A fundamental principle of cognitive neuroscience is that neural activity causes perception and behavior. It is precisely this direction of causality, from brain to behavior, that makes brain stimulation a unique methodology by allowing a manipulation of the source of behavior. Manipulating patients' perception and measuring brain activity at different levels of that manipulation to assess the influence of behavior on brain activity provides information in the opposite direction. This can certainly be of great interest, but it is not directly relevant for understanding how neural processes give rise to behavior. In other words, although behavioral changes may produce changes in brain activity, this is not the direction of causality that is generally meant when discussing causal links between brain and behavior. Furthermore, one cannot use such evidence to make inferences about the behavioral significance of the observed activations: If A causes B, it does not necessarily follow that B causes A.

A further aspect to consider is that, because brain activity causes behavior, modulation of patients' behaviors by different kinds of intervention (e.g., different visual stimuli) must be mediated by a change in brain activity. In other words, it may not be the percept or behavior that is changing brain activity. Instead, changes in sensory stimulation induce a change in brain activity that secondarily modifies perception. So, perhaps, such instances might be best conceptualized as “indirect noninvasive brain stimulation” (see Figure 1), one that psychophysicists and experimental psychologists have particularly longstanding expertise with—indeed, visual adaptation is often referred to as “psychologist's microelectrode.” The problem, as outlined above, is to determine which neural effects of the change in stimulation play a causal role in the subsequent perceptual change. Even when visual stimulation remains constant and the percept changes, as is the case in many paradigms assessing visual awareness (Frith, Perry, & Lumer, 1999), one cannot infer which of the observed activations is causally related to the actual percept.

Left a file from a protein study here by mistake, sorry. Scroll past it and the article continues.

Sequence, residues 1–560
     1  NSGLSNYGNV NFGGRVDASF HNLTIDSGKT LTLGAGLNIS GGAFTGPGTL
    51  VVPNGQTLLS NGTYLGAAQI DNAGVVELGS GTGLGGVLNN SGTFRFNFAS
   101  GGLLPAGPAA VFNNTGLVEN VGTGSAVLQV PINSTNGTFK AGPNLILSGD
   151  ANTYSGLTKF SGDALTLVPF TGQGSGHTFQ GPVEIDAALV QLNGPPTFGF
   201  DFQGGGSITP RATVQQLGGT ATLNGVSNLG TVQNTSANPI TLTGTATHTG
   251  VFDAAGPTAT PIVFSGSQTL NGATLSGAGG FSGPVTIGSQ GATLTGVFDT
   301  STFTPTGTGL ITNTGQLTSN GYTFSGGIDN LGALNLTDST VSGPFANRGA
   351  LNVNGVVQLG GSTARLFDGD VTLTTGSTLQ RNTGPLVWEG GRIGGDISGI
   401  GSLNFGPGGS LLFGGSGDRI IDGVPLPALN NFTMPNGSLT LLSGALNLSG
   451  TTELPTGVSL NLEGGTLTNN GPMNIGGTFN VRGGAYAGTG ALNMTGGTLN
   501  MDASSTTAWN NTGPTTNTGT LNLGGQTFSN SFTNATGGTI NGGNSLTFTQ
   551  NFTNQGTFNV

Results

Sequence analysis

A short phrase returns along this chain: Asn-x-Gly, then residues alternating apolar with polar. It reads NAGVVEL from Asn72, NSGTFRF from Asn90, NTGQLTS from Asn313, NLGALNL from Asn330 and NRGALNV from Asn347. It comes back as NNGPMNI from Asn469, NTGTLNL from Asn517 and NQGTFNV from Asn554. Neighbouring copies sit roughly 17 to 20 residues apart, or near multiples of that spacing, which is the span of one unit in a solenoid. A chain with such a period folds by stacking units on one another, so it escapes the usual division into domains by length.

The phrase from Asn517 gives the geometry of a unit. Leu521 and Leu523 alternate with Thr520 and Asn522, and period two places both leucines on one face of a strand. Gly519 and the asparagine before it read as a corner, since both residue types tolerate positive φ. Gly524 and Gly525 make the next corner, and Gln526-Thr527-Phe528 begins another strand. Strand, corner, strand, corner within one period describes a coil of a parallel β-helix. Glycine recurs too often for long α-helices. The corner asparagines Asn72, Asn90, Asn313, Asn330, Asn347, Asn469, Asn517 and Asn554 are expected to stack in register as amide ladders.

Figure 1. 

A central aim in cognitive neuroscience is to explain how neural activity gives rise to perception and behavior. Functional neuroimaging studies, however, tend to provide information in the opposite direction (A) by providing information on how changes in external factors such as sensory stimulation change brain activity (black line). The induced change in neuronal activity may secondarily modify perception (dashed black line)—one could thus conceptualize this approach as “indirect noninvasive brain stimulation.” It is however difficult to determine which neural effects of sensory stimulation play a causal role in subsequent perception. In other words, one cannot deduce which locus of activation (depicted by the three red circles) gives rise to perception. In contrast, brain stimulation techniques enable us to directly modulate the source of perception and behavior—neural activity (B)—and thus make causal links between brain and behavior.

Figure 1. 

A central aim in cognitive neuroscience is to explain how neural activity gives rise to perception and behavior. Functional neuroimaging studies, however, tend to provide information in the opposite direction (A) by providing information on how changes in external factors such as sensory stimulation change brain activity (black line). The induced change in neuronal activity may secondarily modify perception (dashed black line)—one could thus conceptualize this approach as “indirect noninvasive brain stimulation.” It is however difficult to determine which neural effects of sensory stimulation play a causal role in subsequent perception. In other words, one cannot deduce which locus of activation (depicted by the three red circles) gives rise to perception. In contrast, brain stimulation techniques enable us to directly modulate the source of perception and behavior—neural activity (B)—and thus make causal links between brain and behavior.